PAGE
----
Resiliency is the ability for a system to tolerate and recover from disturbances. In the face of more extreme weather events, increased temperatures, and rising sea levels, many cities recognize the need to increase their overall resilience; urban forests are seen as one crucial component.
The Human Dimensions of Forestry Lab at Michigan State University (East Lansing, MI) is accepting applications for an MS and a PhD assistantship position to start August 2017. Applicants should be self-motivated and also capable of working as part of a team. The ideal applicant will have experience and interest in qualitative and quantitative social science, as well an interest in modeling. Additional skills for the PhD position include statistical analysis, technical writing, and basic GIS.
The projects associated with these positions are flexible, but will likely focus on 1) The effect of urban forests, green space, and agriculture on public health outcomes; 2) The role of risk and psychological distance in decision making and natural resource management; and 3) The use of ecological momentary assessments to understand environmental behavior. The graduate student can and will develop a project and associated research questions tailored to their interests and intended career path.
These positions will be based in the Department of Forestry. The positions will be supported with a stipend, and paid tuition/benefits. There are additional fellowship opportunities for graduate students at Michigan State University, so please apply to the University’s graduate school by December 1, 2016 to be competitive for these fellowships.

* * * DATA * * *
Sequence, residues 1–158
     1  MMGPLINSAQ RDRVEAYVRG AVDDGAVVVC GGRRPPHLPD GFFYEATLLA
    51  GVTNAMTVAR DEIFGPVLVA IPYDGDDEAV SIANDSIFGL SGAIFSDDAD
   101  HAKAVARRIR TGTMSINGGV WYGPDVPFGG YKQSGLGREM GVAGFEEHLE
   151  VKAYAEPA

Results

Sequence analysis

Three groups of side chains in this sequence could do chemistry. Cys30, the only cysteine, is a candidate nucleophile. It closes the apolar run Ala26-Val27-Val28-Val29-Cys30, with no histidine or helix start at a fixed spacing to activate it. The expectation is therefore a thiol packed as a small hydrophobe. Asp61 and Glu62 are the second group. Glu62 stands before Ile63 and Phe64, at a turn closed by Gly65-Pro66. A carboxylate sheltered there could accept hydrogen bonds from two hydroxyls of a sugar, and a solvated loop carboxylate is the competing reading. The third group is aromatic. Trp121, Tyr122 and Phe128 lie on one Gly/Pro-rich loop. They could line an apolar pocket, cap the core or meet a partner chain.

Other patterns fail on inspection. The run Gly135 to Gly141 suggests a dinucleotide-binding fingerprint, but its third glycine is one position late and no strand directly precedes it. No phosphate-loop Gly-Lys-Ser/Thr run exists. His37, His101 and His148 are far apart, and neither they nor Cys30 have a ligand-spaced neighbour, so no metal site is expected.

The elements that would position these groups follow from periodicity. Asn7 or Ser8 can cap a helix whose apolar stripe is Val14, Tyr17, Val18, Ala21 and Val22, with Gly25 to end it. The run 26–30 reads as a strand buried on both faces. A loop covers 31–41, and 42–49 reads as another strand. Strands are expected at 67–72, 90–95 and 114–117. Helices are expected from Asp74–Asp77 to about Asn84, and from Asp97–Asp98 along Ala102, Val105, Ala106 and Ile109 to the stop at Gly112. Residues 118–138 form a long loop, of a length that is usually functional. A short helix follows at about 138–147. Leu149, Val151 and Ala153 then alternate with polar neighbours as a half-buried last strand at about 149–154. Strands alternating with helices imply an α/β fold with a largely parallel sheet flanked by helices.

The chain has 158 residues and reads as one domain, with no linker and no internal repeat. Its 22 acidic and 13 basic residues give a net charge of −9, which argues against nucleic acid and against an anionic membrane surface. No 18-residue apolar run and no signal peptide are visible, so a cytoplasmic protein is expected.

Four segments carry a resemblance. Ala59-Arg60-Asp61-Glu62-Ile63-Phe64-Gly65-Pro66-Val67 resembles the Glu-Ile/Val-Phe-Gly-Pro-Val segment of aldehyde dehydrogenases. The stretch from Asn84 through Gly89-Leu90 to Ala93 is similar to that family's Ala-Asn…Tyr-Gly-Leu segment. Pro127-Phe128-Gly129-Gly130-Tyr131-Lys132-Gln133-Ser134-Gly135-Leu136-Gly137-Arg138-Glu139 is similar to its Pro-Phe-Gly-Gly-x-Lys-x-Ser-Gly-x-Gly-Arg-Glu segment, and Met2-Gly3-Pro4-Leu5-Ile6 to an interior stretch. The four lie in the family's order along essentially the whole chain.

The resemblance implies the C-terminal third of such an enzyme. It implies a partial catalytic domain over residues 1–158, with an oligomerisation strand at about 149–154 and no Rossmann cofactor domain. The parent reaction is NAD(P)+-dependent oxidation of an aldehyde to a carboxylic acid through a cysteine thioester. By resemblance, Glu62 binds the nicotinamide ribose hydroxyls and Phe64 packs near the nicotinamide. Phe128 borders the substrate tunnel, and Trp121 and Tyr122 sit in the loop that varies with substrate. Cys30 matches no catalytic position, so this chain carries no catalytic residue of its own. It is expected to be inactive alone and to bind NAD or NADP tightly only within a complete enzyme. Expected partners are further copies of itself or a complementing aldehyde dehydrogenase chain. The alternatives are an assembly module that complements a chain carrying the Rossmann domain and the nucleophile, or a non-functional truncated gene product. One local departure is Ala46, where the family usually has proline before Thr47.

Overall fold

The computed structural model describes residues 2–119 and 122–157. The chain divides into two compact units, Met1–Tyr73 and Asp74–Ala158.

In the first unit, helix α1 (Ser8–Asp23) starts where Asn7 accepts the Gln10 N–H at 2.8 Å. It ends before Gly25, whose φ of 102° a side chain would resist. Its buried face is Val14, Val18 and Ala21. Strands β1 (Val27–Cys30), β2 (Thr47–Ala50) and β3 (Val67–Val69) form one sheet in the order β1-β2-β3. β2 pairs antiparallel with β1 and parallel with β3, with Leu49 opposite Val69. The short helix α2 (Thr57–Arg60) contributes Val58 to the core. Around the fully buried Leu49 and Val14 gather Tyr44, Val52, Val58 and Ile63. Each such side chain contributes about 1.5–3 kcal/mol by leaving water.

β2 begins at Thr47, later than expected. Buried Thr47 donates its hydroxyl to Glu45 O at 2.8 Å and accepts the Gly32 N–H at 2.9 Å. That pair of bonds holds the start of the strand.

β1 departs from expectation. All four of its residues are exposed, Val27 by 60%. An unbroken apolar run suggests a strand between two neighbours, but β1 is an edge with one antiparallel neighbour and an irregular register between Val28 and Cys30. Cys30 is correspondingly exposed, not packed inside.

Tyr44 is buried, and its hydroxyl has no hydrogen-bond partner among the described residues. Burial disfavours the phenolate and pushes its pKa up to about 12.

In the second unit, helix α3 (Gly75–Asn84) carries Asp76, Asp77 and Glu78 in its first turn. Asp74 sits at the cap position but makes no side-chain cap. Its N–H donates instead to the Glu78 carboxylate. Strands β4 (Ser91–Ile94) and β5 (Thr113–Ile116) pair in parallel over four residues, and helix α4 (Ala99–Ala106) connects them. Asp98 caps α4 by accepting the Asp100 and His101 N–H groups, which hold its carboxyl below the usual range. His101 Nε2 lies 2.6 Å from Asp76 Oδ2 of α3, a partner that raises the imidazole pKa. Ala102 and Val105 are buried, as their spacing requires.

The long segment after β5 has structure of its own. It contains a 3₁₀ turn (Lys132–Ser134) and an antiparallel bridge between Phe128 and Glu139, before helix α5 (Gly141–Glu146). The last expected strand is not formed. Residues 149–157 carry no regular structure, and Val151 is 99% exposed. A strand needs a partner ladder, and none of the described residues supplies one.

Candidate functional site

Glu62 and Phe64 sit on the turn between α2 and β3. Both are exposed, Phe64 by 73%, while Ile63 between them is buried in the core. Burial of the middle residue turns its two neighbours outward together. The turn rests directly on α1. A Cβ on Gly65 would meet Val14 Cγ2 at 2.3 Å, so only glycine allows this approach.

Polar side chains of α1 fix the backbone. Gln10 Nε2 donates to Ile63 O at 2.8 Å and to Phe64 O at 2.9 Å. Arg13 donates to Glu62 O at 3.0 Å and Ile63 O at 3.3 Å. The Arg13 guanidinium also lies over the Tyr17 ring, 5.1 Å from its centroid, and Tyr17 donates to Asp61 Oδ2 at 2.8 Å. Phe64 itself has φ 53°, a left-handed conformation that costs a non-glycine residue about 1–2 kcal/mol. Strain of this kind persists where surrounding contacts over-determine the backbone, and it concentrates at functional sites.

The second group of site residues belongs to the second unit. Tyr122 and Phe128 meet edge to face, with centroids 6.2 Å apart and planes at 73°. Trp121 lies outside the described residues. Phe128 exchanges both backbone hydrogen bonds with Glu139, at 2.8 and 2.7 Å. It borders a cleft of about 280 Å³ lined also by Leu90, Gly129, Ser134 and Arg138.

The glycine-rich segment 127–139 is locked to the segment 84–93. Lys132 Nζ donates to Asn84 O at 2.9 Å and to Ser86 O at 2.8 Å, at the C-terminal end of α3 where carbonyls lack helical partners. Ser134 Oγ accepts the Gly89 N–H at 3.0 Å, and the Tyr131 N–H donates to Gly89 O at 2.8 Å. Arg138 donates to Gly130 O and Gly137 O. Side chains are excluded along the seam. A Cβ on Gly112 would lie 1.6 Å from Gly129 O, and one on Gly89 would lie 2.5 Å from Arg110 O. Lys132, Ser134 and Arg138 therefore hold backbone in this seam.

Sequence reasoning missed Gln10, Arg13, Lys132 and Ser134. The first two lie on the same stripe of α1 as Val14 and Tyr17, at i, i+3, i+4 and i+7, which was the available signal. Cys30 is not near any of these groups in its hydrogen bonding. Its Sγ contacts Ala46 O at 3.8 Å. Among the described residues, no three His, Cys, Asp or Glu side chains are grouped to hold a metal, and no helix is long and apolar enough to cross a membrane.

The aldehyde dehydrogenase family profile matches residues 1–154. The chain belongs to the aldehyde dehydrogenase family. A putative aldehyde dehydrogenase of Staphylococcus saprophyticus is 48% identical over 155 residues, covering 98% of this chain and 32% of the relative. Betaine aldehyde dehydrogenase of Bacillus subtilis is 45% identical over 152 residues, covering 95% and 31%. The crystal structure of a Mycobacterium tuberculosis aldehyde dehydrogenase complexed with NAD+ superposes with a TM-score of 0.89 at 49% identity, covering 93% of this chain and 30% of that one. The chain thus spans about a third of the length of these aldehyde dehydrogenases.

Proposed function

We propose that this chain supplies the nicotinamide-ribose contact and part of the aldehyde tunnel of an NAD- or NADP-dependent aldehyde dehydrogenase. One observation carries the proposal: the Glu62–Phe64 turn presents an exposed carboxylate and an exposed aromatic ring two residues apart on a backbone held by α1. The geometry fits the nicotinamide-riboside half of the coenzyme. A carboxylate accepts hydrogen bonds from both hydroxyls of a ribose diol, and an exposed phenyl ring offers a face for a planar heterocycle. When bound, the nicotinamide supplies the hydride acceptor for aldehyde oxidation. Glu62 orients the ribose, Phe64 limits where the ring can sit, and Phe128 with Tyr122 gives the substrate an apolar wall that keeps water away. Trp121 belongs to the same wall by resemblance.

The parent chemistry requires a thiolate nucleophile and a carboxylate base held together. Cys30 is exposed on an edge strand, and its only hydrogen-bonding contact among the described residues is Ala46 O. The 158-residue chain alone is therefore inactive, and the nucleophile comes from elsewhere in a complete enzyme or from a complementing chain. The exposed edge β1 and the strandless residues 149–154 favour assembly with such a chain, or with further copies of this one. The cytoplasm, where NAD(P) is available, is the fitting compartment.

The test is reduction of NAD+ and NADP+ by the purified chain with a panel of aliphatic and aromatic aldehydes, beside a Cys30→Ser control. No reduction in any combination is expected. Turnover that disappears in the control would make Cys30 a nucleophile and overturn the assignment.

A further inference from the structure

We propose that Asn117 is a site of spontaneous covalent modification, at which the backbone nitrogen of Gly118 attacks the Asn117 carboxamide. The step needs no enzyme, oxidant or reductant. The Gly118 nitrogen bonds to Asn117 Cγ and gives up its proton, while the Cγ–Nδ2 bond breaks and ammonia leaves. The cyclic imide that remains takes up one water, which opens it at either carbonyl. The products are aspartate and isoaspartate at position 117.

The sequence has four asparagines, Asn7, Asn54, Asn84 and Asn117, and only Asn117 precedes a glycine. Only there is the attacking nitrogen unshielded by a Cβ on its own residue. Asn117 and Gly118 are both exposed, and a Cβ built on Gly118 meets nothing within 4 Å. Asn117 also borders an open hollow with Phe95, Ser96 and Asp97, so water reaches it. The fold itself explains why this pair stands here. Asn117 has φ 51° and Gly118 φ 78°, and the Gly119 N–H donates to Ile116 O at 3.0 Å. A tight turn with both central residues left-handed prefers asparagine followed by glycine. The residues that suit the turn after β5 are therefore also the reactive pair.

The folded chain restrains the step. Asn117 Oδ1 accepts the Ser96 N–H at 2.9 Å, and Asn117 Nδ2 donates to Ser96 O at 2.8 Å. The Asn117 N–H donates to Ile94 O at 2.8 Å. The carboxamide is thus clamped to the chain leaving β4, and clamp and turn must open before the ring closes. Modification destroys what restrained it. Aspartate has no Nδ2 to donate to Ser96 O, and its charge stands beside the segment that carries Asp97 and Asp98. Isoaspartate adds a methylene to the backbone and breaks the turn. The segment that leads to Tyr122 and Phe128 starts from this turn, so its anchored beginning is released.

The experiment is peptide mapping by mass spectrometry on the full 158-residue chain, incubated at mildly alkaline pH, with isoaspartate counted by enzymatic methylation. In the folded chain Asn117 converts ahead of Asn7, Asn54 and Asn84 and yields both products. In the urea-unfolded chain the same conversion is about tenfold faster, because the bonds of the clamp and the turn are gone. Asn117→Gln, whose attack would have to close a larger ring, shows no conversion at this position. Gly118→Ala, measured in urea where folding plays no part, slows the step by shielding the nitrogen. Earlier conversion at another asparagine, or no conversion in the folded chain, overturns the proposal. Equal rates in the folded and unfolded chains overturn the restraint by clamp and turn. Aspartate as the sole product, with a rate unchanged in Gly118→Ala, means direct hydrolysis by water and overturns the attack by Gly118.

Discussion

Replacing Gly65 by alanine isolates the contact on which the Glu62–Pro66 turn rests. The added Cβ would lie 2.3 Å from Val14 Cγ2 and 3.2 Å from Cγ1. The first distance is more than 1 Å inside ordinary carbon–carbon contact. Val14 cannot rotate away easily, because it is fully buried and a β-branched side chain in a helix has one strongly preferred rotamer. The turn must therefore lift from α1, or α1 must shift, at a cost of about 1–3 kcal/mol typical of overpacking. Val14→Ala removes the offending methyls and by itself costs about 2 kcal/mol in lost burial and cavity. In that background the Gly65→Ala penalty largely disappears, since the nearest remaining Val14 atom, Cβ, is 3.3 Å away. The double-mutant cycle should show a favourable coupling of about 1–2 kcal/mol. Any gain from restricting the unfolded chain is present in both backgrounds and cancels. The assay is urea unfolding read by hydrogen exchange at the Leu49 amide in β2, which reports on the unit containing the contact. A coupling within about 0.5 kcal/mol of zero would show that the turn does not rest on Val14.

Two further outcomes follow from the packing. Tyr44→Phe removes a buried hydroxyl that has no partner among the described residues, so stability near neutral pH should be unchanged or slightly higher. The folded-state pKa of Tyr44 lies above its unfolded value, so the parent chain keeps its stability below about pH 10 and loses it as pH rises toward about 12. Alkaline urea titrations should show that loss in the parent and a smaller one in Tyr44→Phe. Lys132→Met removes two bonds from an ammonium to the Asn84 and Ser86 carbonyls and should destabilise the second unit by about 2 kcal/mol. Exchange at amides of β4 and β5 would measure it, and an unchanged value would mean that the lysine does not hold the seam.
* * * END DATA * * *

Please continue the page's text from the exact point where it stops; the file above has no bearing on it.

To apply for the assistantship, please submit (1) a cover letter explaining your interest in the position, your qualifications, and any specific research areas you hope to pursue at Michigan State, and (2) a CV. Please be sure to include your GPA (undergraduate and graduate), GRE scores (if completed), and contact information for references somewhere within your CV/Resume. Documents should be submitted via email to Dr. Emily Huff at email@example.com as a single PDF file with the subject heading “Graduate Assistantship Application.” Applications must be received by November 1, 2016 to receive full consideration.
MSU is an equal opportunity employer and the Department of Forestry is committed to promoting diversity in research.
Emily Huff started as Assistant Professor at Michigan State University in August of 2016. She focuses on the human dimensions of forests and will be teaching a course (of that name) in the spring semester most years. Emily comes from a diverse background, earning a B.A. in environmental studies and music composition, a M.S. in Natural Resource Science and Management at the University of Minnesota, and her Ph.D. in Forestry at the University of Maine. Through the 2016-17 academic year, Emily will be focusing on new project development and student recruitment, as well as preparing for the human dimensions course this spring. Please say hi via the contact form if you are a prospective graduate student or potential new collaborator.